Photo by Susan Yin on Unsplash.

The Denver Public Library last month reopened nine locations to the public nearly a year after closing its doors due to the COVID-19 pandemic, and as of April 13 has reopened most of its remaining branch libraries. As one of the last public spaces where anybody from any background can feel welcome without buying anything, libraries were sorely missed during their closure. 

The announcement of Denver Public Library’s phased reopening was met with overwhelming excitement from the public eager to return to our public spaces to browse our shelves, access services, and reconnect with our staff. It’s become even more obvious over the last year that libraries benefit all and are essential to communities.

Michelle Jeske

As the country begins to reopen, libraries will play an important role in helping their local communities recover from the pandemic. This is why now is the time to take action in support of the Build America’s Libraries Act, now being considered in Congress. 

The legislation would fund upgrades to the nation’s library infrastructure to address challenges such as natural disasters, COVID-19, broadband capacity, environmental hazards, and accessibility barriers. This groundbreaking legislation would bring federal funding to pave the way for new and improved library facilities in underserved communities.

The measure would help Denver realize the vision of our 2017 Facilities Master Plan. We currently need to expand library service in Denver neighborhoods like Globeville and Westwood that lack access. 

If the federal measure is passed, Denver would have the opportunity to apply for this funding and provide these communities with services like out-of-school learning, services to immigrants and refugees, computer and internet access and so much more.  

Libraries like Denver Public Library worked hard to ensure that our customers have been able to stay connected with us and access needed resources during the pandemic even when our buildings were closed to the public. 


Soon after our closure, our customers were able to participate in virtual programs for all ages and interests. Keeping in mind those without access to the internet, our team also established a phone line for customers to call in, connect with us and gain access to what they were searching for.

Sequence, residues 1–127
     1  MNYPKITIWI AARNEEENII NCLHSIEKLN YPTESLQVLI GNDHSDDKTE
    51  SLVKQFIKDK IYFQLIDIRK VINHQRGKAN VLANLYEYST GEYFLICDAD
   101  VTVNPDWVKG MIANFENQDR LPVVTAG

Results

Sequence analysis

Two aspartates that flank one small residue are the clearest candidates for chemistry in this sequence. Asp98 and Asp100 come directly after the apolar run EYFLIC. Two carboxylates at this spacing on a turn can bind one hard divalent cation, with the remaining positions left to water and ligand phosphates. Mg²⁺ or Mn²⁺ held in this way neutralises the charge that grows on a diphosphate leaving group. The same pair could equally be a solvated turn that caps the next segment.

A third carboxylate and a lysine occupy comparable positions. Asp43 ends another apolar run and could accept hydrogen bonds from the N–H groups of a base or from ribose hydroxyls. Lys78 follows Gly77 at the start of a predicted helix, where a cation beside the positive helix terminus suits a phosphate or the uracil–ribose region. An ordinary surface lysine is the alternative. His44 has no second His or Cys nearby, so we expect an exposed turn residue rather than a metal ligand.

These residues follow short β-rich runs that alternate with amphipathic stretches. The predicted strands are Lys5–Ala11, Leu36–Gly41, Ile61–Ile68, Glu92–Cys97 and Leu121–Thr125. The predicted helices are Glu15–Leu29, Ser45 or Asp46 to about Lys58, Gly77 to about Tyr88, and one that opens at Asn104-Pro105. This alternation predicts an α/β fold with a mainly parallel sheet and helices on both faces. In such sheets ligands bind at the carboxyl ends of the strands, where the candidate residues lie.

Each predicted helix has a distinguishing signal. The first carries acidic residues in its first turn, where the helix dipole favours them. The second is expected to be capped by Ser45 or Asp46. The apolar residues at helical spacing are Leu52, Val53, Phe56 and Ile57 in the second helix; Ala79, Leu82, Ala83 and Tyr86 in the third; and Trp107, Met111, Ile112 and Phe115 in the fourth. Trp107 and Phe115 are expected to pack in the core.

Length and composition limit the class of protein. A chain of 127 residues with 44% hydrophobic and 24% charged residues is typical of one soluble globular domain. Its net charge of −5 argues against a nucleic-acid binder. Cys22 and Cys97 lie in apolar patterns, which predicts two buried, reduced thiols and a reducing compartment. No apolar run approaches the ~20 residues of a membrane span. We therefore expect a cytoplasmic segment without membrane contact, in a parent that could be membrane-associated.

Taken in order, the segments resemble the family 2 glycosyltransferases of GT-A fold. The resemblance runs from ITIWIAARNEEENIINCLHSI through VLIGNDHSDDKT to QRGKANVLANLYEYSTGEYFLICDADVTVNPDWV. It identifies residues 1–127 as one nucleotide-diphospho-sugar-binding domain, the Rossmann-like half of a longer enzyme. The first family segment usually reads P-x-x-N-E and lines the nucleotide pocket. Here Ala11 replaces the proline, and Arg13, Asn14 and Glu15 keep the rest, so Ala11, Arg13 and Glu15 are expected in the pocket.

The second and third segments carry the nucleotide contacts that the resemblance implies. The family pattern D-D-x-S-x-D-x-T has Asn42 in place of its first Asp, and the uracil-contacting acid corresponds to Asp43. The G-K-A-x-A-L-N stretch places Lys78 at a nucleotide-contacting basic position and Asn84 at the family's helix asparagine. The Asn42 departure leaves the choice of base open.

Throughout the pandemic, our outreach team connected with community members experiencing homelessness who required critical resources and also began distributing water and personal care kits. To date our outreach team has given out more than 70,000 books.  

The Denver Public Library’s vision is a strong community where everyone thrives. Our facilities are a huge part of fulfilling this vision — bringing people of all ages and backgrounds to connect with each other, as well as with the services and resources that build educational and economic opportunities. We saw this clearly when we opened the Rodolfo “Corky” Gonzales Branch Library in 2015 and 3,000 people turned out for its grand opening. 

Our investments made it possible to expand technology access, provide space for community meetings, and offer programming that supports underserved populations.

We know 2021 will continue to be challenging. Despite budget constraints, limited resources, and limited staffing, the library will continue providing access for vulnerable community members who have been the hardest hit by the pandemic through resources such as job search assistance, technology checkouts, providing support for small businesses, and providing resources and tools for educators and students. 

As we look toward pandemic recovery, libraries will remain essential, even as they begin to look a little different as we work to keep customers and staff safe with COVID-19 protocols in place while providing services. Communities across the country, including Denver, would benefit from the Build America’s Libraries Act. 

We invite our community to join us in advocating for the Build America’s Libraries Act by asking our senators and representatives to support this important legislation.

Michelle Jeske is the Denver city librarian.

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